In 2000 the Governor of Alaska specifically requested that DOE agree to fund and to ask that group, the Consortium for Risk Evaluation with Stakeholder Participation (CRESP) to do such an analysis. After the Secretary of Energy agreed and a 2002 CRESP/UAF workshop suggested a technical path forward, the State and the Department signed a Letter of Intent that assigned the four party team (see above) to approve a plan for the needed research and to help assure the independence of the CRESP study. 18 months after CRESP was given partial funding and the actual go-ahead in February 2003, it is reporting these substantive results.
Interpreting Complicated Data
One of CRESP’s challenges was to analyze biological samples for a long enough time to know what levels of radionuclides were actually there (since some radionuclides are present in any marine system). It had then to distinguish whether what it did find might have come from the nuclear tests ““ or was from other sources such as fallout, or even was naturally-occurring. For example, CRESP wrestled with what it meant to have more algae samples showing plutonium from Amchitka and more fish samples showing Cesium-137 from the reference site at Kiska. In all these cases the data was consistent as levels were both safe and what would have been expected anywhere in oceans in the Northern Hemisphere. CRESP PI Charles W. Powers says: “CRESP people are committed to explaining how we thought through all of the complicated issues posed by the data since the public deserves to have the same peace of mind that we have about what we found.”
- Voluminous (300 pages of direct report and more than 1000 pages of appendices), many of which will now go directly into the academic literature.
- Required recruitment and coordination of unusually diverse scientific talent. Fourteen senior scientists from 6 major universities were involved in the work.
- Field work in a very remote and taxing environment: Six senior scientists leading 18 additional researchers and 4 members from A/PIA launched into the Bering Sea toward Amchitka and Kiska from Adak Island, already the western most settled community in the Western Hemisphere, and worked in cold seas and heavy winds most of the time.
- CRESP people, including those from UAF, made clear and unambiguous efforts consistently to reach out to affected Aleut communities as they defined their scientific plan and then included Aleuts on the expedition itself to aid in collection of samples.
What is CRESP?
It is interdisciplinary multi-university organization through which senior scientists and their laboratories have, for ten years, studied and reviewed risk issues associated with the cleanup and long-term stewardship of legacy wastes at sites involved in the nation’s nuclear weapons production process that began in the 1950′s. CRESP was specifically created to address the recommendation by the National Academy of Sciences that the U.S. Department of Energy’s Environmental Management Office needed an independent academic mechanism to research and review risk problems related to nuclear waste management. Its PI, Powers, is also President of IRM, a non-profit whose current work is to administer the Consortium.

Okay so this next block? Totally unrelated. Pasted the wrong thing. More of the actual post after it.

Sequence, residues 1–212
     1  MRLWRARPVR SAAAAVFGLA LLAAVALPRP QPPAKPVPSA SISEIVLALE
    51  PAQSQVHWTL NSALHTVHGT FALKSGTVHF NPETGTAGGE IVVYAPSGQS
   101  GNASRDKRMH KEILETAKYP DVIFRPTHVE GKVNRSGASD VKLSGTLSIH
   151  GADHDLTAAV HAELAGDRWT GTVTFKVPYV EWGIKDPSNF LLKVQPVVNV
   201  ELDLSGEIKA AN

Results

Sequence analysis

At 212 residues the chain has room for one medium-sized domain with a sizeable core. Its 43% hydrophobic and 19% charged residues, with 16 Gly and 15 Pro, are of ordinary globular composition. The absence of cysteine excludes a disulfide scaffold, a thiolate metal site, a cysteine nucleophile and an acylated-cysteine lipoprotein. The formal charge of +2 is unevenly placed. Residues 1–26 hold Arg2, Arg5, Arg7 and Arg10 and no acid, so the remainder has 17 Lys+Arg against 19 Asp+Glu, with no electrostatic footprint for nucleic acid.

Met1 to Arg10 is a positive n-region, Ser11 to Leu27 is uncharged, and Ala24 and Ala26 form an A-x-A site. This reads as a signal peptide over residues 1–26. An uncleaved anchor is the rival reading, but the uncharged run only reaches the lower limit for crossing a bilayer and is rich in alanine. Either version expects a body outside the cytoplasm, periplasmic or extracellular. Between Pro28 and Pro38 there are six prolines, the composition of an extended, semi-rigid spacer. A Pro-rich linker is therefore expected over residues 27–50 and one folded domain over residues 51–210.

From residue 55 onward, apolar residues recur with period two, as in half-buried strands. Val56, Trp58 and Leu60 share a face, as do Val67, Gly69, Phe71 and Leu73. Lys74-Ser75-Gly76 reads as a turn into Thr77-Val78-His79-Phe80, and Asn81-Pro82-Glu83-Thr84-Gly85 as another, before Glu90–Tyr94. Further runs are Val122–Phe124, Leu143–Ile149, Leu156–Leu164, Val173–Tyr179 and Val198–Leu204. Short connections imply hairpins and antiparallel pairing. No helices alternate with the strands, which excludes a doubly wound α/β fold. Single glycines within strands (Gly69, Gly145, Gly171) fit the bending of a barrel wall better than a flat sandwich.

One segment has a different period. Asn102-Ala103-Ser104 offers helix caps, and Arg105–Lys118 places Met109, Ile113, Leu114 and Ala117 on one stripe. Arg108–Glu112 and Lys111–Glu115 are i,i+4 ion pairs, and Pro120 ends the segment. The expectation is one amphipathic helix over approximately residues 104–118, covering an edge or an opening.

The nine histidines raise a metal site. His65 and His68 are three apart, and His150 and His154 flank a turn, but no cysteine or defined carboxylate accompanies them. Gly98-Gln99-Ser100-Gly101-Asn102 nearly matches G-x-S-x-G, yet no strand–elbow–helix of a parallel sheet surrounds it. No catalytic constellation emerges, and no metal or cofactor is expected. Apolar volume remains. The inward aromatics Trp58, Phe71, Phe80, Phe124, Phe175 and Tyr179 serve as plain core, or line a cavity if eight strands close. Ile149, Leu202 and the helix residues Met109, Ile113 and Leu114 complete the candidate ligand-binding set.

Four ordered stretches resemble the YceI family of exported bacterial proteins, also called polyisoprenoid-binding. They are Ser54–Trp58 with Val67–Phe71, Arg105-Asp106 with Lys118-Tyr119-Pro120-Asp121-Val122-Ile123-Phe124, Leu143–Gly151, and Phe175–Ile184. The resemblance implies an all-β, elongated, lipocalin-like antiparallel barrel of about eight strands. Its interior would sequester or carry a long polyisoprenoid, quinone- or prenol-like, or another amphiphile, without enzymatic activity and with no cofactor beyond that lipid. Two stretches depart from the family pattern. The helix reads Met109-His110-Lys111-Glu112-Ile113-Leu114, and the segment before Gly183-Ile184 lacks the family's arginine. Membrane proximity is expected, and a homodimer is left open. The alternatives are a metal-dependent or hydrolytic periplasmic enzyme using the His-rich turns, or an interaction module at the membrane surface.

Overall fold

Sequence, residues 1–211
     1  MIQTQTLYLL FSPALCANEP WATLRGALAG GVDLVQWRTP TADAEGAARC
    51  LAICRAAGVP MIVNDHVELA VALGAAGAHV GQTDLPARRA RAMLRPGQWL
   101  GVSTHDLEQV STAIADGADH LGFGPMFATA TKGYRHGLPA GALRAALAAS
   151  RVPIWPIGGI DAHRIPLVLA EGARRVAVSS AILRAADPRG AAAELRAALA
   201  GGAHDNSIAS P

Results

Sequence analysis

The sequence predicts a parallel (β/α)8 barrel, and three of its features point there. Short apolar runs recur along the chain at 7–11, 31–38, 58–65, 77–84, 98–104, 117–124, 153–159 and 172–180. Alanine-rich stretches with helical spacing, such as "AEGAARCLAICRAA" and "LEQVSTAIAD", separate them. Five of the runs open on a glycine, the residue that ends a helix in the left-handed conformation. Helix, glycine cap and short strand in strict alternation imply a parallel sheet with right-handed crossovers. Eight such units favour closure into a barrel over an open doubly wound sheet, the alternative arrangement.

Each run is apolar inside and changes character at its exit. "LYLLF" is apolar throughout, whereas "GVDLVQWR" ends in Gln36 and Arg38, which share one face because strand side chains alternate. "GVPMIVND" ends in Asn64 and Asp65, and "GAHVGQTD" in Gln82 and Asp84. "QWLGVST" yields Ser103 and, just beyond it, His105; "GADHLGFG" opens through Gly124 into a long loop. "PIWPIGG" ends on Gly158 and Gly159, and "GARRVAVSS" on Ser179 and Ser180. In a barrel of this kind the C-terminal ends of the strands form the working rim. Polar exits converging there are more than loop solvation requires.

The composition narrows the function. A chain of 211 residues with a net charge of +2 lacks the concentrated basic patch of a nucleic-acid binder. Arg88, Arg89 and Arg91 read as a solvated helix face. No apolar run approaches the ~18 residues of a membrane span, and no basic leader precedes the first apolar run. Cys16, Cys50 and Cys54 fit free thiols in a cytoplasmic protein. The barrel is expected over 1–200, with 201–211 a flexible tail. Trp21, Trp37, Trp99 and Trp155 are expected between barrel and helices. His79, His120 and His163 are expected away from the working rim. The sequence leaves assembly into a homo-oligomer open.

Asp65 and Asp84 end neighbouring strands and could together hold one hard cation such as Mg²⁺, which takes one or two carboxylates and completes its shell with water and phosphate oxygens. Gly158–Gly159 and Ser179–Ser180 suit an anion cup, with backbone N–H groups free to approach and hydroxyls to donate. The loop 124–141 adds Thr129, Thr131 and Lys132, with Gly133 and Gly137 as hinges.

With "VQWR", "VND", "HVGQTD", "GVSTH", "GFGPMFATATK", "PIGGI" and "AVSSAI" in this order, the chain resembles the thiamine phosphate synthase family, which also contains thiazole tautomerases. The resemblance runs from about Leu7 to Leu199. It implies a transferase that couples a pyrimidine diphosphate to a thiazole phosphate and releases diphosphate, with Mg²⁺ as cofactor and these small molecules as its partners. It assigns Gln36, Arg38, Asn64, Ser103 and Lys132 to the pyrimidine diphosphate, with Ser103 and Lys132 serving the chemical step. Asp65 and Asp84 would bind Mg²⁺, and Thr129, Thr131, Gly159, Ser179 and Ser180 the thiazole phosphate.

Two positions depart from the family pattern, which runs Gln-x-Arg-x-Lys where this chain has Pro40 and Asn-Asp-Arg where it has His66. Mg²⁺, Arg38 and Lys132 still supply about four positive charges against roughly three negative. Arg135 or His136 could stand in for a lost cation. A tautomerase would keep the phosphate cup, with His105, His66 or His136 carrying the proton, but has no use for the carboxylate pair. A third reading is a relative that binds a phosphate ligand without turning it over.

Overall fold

Who developed the Science Plan for this study and edited this report?
Joanna Burger, Ph.D., Rutgers University Professor of Biology, head of the CRESP Ecological Health Center of Expertise and leader of CRESP’s Amchitka biological studies; David Kosson, Ph.D., Professor and Chair, the Department of Civil And Environmental Engineering, Vanderbilt University, head of the CRESP Remediation Center of Expertise and leader of CRESP’s Amchitka geophysical and radiological analysis studies. Michael Gochfeld, M.D., Ph.D. Professor of Environmental and Occupational Medicine at RWJMS-UMDNJ, is an occupational physician who was responsible for approving and implementing the Health and Safety Plan for this rigorous expedition. David Barnes, Ph.D., Associate Professor /PE, Civil and Environmental Engineering Department has coordinated The University of Alaska-Fairbanks’ participation in CRESP
Powers and these four researchers led the Science Plan effort and edited the draft report. Arthur Upton, M.D., a noted radiobiologist and former Director of the National Cancer Institute, now clinical professor at RWJMS-UMNDJ, led a subcommittee of the CRESP Peer Review Committee he chairs in issuing a review of the draft. The Amchitka report editors amended their draft in response and issued a final report.